Monday, 26 January 2015

Analysis of Se7en Title Sequence

I decided to look into the work of Kyle Cooper as he is the most famous modern title sequence designer. Despite Se7en not being particularly aligned with my narrative, it is known that this title sequence in particular was the start of the new Modern era for title sequences. 

Directed in 1995, the film Se7en staring Brad Pitt and Morgan Freeman released such an original a title sequence it has said to revolutionised the business of creating main titles. Kyle Cooper directed the title sequence using many qualities of sound and editing to base the title sequence around the film’s genre, which is thriller/horror. 

Instantly as the title sequence begins, due to the sinister and creepiness of the non-diegetic soundtrack, the audience learn that the genre of this film fits under the horror/thriller section. The track brings a sense of anticipation and tension to the sequence providing the audience with a reason to want to watch this movie and introduce the themes within Se7en. The first shot we see of is of the flicking pages of a book with a scratchy flicker across the screen indicates that the person who the sequence is evolved around is planning something as there is also shots of them writing in the book later on.  Furthermore Cooper also uses close up shots of other irregular objects throughout the sequence to perhaps not fully reveal anything  to keep the audience engaged which also provides tension and suspense to the sequence, examples of this is when the unknown character is slicing layers of skin of his fingertips. The use of prop and action highlight the intelligence of the now known criminal as by skinning your fingertips it makes you untraceable to the authorities.  Although the vast majority of the shots are close ups we can assume, due to the dim lighting, that the events  are occurring within a home or office in secret.

In addition to this Cooper uses a cross fade in between the shots and the illustrations of the cast and production gives an eerie feel to the sequence by linking the two together. Significantly the scratchy handwriting font of the cast is used with the same flicker of the screenplay seen throughout which links them together by both emphasising violence. This also foreshadows the criminal’s targets and actions as by using handwriting makes the link for personal.  Also any other font is used in the old bold typewriter font which perhaps could lead the audience to elude to the old fashioned police reports. This indicates that in the film we should expect police, a violent and dangerous criminal.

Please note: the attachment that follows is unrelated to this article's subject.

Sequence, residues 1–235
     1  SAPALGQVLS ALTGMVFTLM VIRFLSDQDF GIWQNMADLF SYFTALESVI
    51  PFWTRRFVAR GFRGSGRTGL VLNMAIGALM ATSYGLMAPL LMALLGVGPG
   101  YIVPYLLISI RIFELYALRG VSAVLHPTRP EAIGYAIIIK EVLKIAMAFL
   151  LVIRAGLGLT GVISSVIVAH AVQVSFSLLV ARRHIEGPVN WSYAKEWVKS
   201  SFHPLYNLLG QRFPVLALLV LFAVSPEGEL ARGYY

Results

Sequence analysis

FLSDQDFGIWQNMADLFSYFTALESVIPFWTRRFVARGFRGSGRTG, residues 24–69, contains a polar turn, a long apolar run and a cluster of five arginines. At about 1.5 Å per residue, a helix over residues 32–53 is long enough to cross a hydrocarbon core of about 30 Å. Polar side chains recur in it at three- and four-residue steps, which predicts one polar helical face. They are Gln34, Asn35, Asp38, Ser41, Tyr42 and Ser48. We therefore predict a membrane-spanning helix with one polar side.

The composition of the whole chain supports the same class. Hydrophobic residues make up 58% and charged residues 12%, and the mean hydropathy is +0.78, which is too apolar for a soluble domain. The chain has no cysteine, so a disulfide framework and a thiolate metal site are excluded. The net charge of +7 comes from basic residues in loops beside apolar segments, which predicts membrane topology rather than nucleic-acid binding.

When the soundtrack speeds up the montage of shots which are not in chronological order also do the same. This effect illustrates anticipation leading to a build with in the film itself. Also the fact that the clips are not in chronological order bring a sense of chaos and discontent to the sequence perhaps revealing criminal’s personality.

Most of the colour throughout the sequence is black and white, however, when in the scene where the photos are being developed it changes to a red lighting. The fact the room is red withholds connotations of blood and red is usually the colour which signals danger. Cooper perhaps could use this colour to foreshadow events in the film. Moreover, towards the end of the sequence the criminal is cutting and sticking images of squeamish violent injuries into books which confirm to the audience that the criminal is violent and perhaps is planning a brutal murder.

To finalise the sequence the criminal is cutting out the word ‘God’ out of a dollar bill while the soundtrack reveals its only lyrics of “you got me closer to God”. This in my opinion is the most symbolic clip used by Cooper in the whole sequence. This is due to the killer in the film being religiously motivated by committing seven murders for each deadly sins because his disagreement with modern secularised society. Therefore the use of the dollar bill and God ends the sequence with the biggest clue of the movie’s plot.

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